Meat Tips: Throwing a Killer BBQ
The backyard barbecue is a thing of glory. I'm not talking about inviting a couple people over in the afternoon for grilled food—that's lunch—I'm exalting the times we get an ass load of meat, invite over a ton of friends, and spend the whole day by the grill—that's something special.
As the Fourth of July is upon us, there is no better way to celebrate our independence than a full-on, all-American barbecue. Throwing one may seem like a no-brainer, but it actually took me years of work to perfect this type of gathering. A lot of wisdom I'm about to impart may be second-nature to the more seasoned grillers, but there will always be those just starting out and everyone should know how to put together a really killer barbecue.
For Those About to Eat, We Salute You
I'm not here to tell you who to invite and not invite to your barbecue (although passionate carnivores are preferred), but I do have a strong opinion about setting the tone for guests prior to the barbecue. Nothing brings people together more than food, and nothing does that better than a barbecue, which I see as the ultimate way to meet new people and share my passion for grilling. It's because of this that I like to keep a fairly open door policy when it comes to guests. I'm not taking people right off the street, but I always allow my friends to bring their friends and plan on more people coming than were actually invited. Setting up this "everybody is invited (within reason)" feeling will get you off to a good start for a perfect day.
Timing is Everything
Continuing on the casual atmosphere you're setting with guests, giving a good window of time for your barbecue is pretty paramount. A rigid schedule could cause stress, which opposes the fundamental ideals of a barbecue, so I like to make it an affair where people can come and go as they please. My M.O. is an early afternoon kick off, around 1 or 2pm, with people actually showing up about 30-60 minutes after that time. This gives the option for the barbecue to be lunch, a snack, dinner, or all three as the day tending the flames lazily goes on. I also make sure I don't have anything to do after the barbecue, because if people want to still grill after the sun goes down, I want to be down with that too.
Get Ahead of the Game
You know who's coming and when, so its time to set your sights on making sure all those people are happy when the arrive. That means prep ahead as much as possible. Devise your menu well in advance, putting a mixture of things that can be made beforehand and items that need to be grilled. Sides are the best bet for do-aheads and have ready for arriving guests. Also prep the grilled items as much as possible, leaving grilling as the only step that needs to be completed. Usually this means forming burgers, skewering kabobs, and making sauces. I'm guilty of having people show up and still being in the kitchen putting the finishing touches on something when I should be tending to the grill, and that's not a good feeling.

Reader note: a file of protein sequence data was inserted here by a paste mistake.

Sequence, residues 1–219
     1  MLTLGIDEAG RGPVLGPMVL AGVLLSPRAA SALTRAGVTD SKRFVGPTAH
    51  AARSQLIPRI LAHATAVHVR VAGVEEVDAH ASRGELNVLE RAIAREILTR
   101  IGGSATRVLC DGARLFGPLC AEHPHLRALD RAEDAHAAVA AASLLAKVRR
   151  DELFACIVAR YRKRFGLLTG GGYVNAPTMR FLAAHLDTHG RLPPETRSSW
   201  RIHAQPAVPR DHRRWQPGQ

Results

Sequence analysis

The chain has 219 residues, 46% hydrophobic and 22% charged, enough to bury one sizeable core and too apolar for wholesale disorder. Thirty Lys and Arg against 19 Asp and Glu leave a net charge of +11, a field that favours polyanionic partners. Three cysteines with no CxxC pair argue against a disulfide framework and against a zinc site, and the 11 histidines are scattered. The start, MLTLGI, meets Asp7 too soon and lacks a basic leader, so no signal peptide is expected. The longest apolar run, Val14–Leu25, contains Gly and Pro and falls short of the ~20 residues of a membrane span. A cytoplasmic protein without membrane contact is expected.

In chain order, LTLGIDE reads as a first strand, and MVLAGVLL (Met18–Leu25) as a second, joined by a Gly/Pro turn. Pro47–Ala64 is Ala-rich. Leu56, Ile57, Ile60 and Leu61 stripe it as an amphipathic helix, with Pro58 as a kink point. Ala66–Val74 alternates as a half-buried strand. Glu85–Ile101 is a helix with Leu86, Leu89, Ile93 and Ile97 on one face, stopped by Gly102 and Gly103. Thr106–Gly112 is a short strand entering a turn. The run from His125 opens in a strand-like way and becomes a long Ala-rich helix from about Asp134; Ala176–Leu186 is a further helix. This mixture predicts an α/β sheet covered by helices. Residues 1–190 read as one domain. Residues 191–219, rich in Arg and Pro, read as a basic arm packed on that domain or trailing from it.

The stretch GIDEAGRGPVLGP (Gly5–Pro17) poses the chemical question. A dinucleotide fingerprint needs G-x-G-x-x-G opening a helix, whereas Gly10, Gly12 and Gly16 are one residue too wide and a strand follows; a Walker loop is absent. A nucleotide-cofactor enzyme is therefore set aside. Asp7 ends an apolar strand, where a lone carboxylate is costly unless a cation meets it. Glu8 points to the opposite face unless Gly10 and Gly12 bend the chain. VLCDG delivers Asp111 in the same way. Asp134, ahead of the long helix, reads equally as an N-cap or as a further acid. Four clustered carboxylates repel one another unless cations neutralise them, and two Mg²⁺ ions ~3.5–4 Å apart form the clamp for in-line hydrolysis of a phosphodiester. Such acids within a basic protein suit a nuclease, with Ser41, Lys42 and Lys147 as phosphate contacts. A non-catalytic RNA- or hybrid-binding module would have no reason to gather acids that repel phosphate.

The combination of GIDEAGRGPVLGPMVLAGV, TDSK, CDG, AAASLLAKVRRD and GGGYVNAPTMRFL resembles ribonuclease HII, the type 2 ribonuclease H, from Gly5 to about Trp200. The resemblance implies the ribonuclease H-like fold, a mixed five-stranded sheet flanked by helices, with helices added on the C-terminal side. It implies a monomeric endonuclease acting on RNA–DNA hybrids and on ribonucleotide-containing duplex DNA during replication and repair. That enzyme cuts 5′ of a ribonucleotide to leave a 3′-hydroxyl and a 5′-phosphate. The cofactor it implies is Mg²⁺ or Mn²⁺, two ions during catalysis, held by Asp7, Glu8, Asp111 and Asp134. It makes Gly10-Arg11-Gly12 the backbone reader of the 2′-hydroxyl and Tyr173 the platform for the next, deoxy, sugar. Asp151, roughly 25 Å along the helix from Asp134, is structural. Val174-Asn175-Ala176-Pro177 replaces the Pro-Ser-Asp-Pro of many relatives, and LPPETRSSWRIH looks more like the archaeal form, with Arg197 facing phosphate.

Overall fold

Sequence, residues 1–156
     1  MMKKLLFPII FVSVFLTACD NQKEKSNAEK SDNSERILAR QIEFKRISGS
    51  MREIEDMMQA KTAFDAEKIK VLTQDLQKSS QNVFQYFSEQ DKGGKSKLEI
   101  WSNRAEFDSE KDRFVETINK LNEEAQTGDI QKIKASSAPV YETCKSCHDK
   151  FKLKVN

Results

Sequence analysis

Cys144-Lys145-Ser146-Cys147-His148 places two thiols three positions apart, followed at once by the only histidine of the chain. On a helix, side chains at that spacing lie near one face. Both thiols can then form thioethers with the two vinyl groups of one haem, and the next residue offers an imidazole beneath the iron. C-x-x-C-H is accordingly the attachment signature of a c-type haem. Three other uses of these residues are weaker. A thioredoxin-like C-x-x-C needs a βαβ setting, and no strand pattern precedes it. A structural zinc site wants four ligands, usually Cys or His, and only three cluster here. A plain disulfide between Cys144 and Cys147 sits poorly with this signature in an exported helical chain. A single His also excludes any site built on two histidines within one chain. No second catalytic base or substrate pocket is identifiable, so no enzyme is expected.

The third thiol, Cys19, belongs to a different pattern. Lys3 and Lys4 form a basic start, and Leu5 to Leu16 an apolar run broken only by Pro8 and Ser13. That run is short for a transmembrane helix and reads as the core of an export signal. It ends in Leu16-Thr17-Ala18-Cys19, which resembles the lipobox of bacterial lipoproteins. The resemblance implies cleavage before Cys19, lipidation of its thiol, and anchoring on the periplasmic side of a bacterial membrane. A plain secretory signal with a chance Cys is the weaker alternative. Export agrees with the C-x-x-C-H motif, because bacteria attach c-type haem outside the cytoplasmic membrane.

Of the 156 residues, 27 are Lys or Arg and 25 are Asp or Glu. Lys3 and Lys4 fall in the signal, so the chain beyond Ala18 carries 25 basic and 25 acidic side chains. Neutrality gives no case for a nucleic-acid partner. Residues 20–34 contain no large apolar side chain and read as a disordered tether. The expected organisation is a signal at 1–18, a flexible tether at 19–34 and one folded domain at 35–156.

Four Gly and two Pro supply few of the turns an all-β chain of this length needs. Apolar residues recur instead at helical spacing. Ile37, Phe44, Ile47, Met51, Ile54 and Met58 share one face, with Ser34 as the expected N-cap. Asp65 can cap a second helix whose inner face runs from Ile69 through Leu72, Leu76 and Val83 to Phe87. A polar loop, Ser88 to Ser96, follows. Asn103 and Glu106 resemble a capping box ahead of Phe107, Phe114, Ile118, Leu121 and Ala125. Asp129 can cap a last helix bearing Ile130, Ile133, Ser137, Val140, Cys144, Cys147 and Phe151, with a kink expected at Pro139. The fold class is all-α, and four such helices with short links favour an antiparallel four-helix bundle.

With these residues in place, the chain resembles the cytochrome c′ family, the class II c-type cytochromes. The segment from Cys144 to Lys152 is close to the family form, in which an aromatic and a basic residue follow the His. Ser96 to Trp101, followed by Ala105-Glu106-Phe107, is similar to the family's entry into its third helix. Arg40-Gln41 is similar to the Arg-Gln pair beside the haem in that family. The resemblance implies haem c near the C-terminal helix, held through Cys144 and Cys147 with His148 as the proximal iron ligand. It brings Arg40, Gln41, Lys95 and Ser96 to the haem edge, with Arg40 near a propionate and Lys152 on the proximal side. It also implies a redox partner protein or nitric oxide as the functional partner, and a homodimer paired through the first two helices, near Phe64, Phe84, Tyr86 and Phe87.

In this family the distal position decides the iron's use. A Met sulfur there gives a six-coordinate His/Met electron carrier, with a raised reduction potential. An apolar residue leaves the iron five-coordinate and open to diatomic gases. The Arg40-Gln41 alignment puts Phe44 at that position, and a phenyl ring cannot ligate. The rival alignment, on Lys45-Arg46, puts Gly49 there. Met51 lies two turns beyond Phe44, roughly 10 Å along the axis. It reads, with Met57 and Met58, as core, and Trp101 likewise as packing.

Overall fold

Also make sure you have ample charcoal or gas for the day and factor in the time to light a fire and get the grill heated so it's ready for action when the first person arrives, leaving no initial barrier between your guests and their meat.
Meat, Meat, and More Meat
Not that the last three points weren't important, but onto what we're all here for, the meat! Traditional is my game for big backyard blowouts. My criteria for a menu is: desirable, easy to make, and quick to cook. It's no mistake that standard fare like burgers, hot dogs, sausage, and kabobs fulfill on all three of those traits.
First identify what you're going to grill and only choose a few things. Keeping the grilled menu limited will let you concentrate on the quality of those foods and will be less of headache come grilling time. Give preference to things that are quick to grill, which will allow an almost cook-to-order approach and enable a steady stream of food to come off the grill as people want it, avoiding those burgers sitting out for hours that no one wants to touch anymore.
I'm a bit of a dick to the vegetarians, making them provide their own veggie burgers and dogs (this is the MEATwave after all), but it's a good idea to have some veggie items to grill on hand for those Grade A Morons who have yet to graduate from Bovine University,
Even More Meat
The biggest point of contention in my house is how much food to buy. While my wife likes to be conservative, I always err on the side of caution, which all too often ends up being overboard. That doesn't bother me though, since I'd rather have enough food for everyone, especially if unexpected guests drop in, than ever run out. Besides, anything left over at the end of the day can be eaten during week if cooked, or frozen if uncooked. We've had to make food runs before when the meat ran out, and whatever came out of those was never up to the quality of what I could have prepared beforehand, so I say go extra meat, always.
Choose Your Weapons Wisely